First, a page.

In many tribes of South-Eastern Australia each sex used to regard a particular species of animals in the same way that a Central American Indian regarded his nagual, but with this difference, that whereas the Indian apparently knew the individual animal with which his life was bound up, the Australians only knew that each of their lives was bound up with some one animal of the species, but they could not say with which. The result naturally was that every man spared and protected all the animals of the species with which the lives of the men were bound up; and every woman spared and protected all the animals of the species with which the lives of the women were bound up; because no one knew but that the death of any animal of the respective species might entail his or her own; just as the killing of the green bird was immediately followed by the death of the Indian chief, and the killing of the parrot by the death of Punchkin in the fairy tale. Thus, for example, the Wotjobaluk tribe of South-Eastern Australia “held that ‘the life of Ngǔnǔngǔnǔt (the Bat) is the life of a man, and the life of Yártatgǔrk (the Nightjar) is the life of a woman,’ and that when either of these creatures is killed the life of some man or of some woman is shortened. In such a case every man or every woman in the camp feared that he or she might be the victim, and from this cause great fights arose in this tribe. I learn that in these fights, men on one side and women on the other, it was not at all certain which would be victorious, for at times the women gave the men a severe drubbing with their yamsticks, while often women were injured or killed by spears.” The Wotjobaluk said that the bat was the man’s “brother” and that the nightjar was his “wife.” The particular species of animals with which the lives of the sexes were believed to be respectively bound up varied somewhat from tribe to tribe. Thus whereas among the Wotjobaluk the bat was the animal of the men, at Gunbower Creek on the Lower Murray the bat seems to have been the animal of the women, for the natives would not kill it for the reason that “if it was killed, one of their lubras [women] would be sure to die in consequence.” But whatever the particular sorts of creature with which the lives of men and women were believed to be bound up, the belief itself and the fights to which it gave rise are known to have prevailed over a large part of South-Eastern Australia, and probably they extended much farther. The belief was a very serious one, and so consequently were the fights which sprang from it. Thus among some tribes of Victoria “the common bat belongs to the men, who protect it against injury, even to the half-killing of their wives for its sake. The fern owl, or large goatsucker, belongs to the women, and, although a bird of evil omen, creating terror at night by its cry, it is jealously protected by them. If a man kills one, they are as much enraged as if it was one of their children, and will strike him with their long poles.”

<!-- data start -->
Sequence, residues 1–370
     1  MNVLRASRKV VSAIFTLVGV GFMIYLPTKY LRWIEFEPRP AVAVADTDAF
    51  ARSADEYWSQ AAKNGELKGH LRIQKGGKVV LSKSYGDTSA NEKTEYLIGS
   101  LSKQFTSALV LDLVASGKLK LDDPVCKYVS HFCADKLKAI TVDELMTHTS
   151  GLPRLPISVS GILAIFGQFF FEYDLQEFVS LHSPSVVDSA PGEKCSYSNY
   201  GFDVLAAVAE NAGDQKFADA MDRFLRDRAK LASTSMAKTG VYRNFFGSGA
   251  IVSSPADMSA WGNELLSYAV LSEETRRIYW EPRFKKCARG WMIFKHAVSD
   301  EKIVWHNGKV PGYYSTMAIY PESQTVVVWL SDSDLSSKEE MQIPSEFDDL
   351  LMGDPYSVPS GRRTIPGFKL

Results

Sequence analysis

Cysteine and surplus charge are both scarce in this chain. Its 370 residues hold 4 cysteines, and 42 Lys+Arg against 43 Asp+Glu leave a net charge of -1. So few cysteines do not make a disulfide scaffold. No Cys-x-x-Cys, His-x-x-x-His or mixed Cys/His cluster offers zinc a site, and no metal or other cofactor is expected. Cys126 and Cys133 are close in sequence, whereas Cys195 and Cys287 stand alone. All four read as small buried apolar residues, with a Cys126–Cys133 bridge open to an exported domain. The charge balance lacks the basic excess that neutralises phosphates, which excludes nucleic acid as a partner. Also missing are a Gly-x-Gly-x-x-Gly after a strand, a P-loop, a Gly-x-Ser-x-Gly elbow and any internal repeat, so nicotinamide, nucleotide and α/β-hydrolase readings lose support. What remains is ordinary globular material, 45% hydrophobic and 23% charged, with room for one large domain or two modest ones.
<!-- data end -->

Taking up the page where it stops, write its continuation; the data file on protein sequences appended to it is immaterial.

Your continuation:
The jealous protection thus afforded by Australian men and women to bats and owls respectively (for bats and owls seem to be the creatures usually allotted to the two sexes) is not based upon purely selfish considerations. For each man believes that not only his own life but the lives of his father, brothers, sons, and so on are bound up with the lives of particular bats, and that therefore in protecting the bat species he is protecting the lives of all his male relations as well as his own. Similarly, each woman believes that the lives of her mother, sisters, daughters, and so forth, equally with her own, are bound up with the lives of particular owls, and that in guarding the owl species she is guarding the lives of all her female relations besides her own. Now, when men’s lives are thus supposed to be contained in certain animals, it is obvious that the animals can hardly be distinguished from the men, or the men from the animals. If my brother John’s life is in a bat, then, on the one hand, the bat is my brother as well as John; and, on the other hand, John is in a sense a bat, since his life is in a bat. Similarly, if my sister Mary’s life is in an owl, then the owl is my sister and Mary is an owl. This is a natural enough conclusion, and the Australians have not failed to draw it. When the bat is the man’s animal, it is called his brother; and when the owl is the woman’s animal, it is called her sister. And conversely a man addresses a woman as an owl, and she addresses him as a bat. So with the other animals allotted to the sexes respectively in other tribes. For example, among the Kurnai all emu-wrens were “brothers” of the men, and all the men were emu-wrens; all superb warblers were “sisters” of the women, and all the women were superb warblers.